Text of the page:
Lou Ciurca has a vision. He's determined for it to be realized. He hopes Tucsonans, and for that matter, Southern Arizonans, play their part.
Emphasis on play. More specifically, play at Mike Jacob Sports Park, formerly known as Sports Park, where seas of cars used to be parked outside the facility as young and old played a variety of sports.
"I have a lot of things I want to do with this,” said Ciurca, the new general manager of the one-time sports hotspot for amateurs. "There are even things I don't want to talk about so not to give it away. But it's going to be great.
"What I want to have is a top-notch facility that will compare to the ones in Phoenix. I want to get a variety of groups in here. I want the seniors here. I want the youth here. They can use this place to practice.”
Three months into Ciurca's restarting of the park after more than a year of dormancy, it appears to be headed in the right direction. Players and their fans are slowly, if not steadily, coming back to hit a softball, play some volleyball, play flag football and more.
"I'd love to get some more soccer teams here,” he said.
He also realizes good things come to those who wait. And he knows it takes time for people to know and realize the bright lights at 6901 Casa Grande Highway are on for a reason – because people are back at the site playing ball.
Ciurca says more than 180 teams, including more than 100 softball teams have signed up for leagues. Back in its heyday – the late 1980s and early 1990s – there were more than 500 teams, beer was flowing and people were playing.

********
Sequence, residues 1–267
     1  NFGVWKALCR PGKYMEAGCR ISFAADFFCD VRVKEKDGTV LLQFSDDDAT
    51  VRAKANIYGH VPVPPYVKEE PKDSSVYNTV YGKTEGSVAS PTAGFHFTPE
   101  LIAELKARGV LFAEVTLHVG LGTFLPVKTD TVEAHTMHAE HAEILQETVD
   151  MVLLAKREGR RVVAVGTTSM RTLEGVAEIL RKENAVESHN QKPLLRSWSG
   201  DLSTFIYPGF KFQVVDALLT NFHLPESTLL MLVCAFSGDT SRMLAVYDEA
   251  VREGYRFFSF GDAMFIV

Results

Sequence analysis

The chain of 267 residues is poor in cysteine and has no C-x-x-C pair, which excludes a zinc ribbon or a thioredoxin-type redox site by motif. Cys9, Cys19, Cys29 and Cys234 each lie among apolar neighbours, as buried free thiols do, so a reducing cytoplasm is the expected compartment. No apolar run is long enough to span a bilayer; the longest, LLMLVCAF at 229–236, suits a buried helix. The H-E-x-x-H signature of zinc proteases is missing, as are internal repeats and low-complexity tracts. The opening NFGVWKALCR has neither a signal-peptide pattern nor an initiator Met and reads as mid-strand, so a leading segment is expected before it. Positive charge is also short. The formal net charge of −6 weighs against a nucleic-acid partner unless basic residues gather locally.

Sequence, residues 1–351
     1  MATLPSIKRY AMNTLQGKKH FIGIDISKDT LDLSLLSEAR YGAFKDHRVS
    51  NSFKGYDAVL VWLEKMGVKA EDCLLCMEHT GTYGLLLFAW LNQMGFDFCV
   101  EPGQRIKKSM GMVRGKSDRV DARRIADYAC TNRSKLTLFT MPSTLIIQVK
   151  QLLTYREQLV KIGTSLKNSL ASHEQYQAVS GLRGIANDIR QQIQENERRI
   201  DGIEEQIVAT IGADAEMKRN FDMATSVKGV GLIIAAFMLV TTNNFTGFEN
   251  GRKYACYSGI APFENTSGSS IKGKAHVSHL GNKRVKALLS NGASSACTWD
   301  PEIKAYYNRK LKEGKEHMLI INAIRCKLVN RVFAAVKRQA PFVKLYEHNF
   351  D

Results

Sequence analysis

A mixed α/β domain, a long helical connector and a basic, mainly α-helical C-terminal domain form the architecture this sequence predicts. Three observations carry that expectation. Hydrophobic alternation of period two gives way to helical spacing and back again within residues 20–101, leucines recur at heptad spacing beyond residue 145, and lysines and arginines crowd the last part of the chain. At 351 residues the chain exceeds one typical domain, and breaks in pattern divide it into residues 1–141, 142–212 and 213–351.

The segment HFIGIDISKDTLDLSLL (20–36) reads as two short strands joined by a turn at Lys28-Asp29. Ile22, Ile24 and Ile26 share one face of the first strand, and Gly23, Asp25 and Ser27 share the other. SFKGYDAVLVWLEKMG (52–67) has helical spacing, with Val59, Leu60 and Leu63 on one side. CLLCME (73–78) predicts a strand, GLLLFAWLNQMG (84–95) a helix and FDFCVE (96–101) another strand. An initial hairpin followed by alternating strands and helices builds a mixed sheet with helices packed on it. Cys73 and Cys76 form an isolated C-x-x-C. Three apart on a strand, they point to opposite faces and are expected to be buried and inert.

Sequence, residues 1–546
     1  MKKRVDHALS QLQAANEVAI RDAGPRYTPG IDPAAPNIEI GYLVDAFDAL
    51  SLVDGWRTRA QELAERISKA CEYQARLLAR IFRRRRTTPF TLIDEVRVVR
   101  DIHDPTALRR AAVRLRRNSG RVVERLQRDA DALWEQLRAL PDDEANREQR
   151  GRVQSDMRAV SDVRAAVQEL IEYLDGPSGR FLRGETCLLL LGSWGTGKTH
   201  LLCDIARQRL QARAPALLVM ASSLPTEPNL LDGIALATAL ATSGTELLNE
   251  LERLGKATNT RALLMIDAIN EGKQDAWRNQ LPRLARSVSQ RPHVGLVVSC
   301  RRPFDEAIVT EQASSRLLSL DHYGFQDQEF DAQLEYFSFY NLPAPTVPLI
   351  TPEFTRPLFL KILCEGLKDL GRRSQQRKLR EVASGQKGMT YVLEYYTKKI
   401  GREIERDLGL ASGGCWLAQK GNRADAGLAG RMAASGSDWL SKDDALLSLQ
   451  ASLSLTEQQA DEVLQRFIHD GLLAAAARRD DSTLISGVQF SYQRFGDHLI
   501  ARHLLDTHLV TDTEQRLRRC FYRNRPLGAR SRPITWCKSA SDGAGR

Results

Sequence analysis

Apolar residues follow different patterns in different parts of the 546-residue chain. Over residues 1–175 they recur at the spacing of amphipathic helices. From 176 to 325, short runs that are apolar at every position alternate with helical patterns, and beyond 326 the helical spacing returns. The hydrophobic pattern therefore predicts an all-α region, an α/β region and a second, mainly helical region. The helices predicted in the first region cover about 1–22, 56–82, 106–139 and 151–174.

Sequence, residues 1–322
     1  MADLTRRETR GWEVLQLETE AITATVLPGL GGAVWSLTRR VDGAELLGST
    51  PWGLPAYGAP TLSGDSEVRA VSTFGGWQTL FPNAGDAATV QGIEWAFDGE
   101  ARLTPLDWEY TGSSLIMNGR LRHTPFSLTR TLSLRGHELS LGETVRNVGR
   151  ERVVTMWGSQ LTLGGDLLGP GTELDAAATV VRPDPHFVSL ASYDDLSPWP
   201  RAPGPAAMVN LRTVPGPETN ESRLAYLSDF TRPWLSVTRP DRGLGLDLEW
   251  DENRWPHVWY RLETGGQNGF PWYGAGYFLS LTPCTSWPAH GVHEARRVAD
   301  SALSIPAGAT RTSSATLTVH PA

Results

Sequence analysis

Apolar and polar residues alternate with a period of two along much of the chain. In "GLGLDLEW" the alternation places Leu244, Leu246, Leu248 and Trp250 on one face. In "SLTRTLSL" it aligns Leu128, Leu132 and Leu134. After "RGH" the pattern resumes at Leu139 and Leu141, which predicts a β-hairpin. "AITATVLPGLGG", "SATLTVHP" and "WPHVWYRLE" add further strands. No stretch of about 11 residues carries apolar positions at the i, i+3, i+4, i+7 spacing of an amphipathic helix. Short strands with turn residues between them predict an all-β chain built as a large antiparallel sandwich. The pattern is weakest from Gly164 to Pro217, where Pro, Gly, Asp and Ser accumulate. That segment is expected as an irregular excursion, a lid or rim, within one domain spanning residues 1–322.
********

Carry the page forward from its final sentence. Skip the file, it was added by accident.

Well, beer and wine are back.
"We know that's important to the adults … I wouldn't have done it without it,” he said, quickly adding that ample security has been added.
Ciurca has added state-of-the-art lighting, music throughout the park, retractable fences and much more. It's a whole new experience.
"We're doing things to change the image,” he said.
Ciurca called the old image "frustrating” and one that lacked "communication” and was "disorganized.” Eventually the county took over, and then eventually it became what was the equivalent of a sports ghost town.
"It was not in operation for more than a year … that's bad for business,” he said.
Ciurca, a former teacher turned owner of Championship Sports and the company that runs the complex, wasn't sure he wanted to get into this business. But the competitor in him – he was a former athlete at Mountain View High School and a small college baseball player – thought it was a plausible proposition.
"The people encouraged me to do it,” he said. "I had been organizing baseball tournaments the past three or four years here in town, kind of reviving that locally. Then I got approached by girls fast pitch. … then more and more people said I had to do it. I just winded up doing it.”
Now, it's been a 24/7 job. But it's what he loves. And he's constantly thinking of things to improve on.
"I'm a guy who likes to think outside the box,” he said. "I want to see how I can better utilize the space and draw in all kinds of people and help the county by bringing in more people.”
It's a project he's ready and willing to take on. He'll use that vision of hits, runs and, well, as few errors as possible.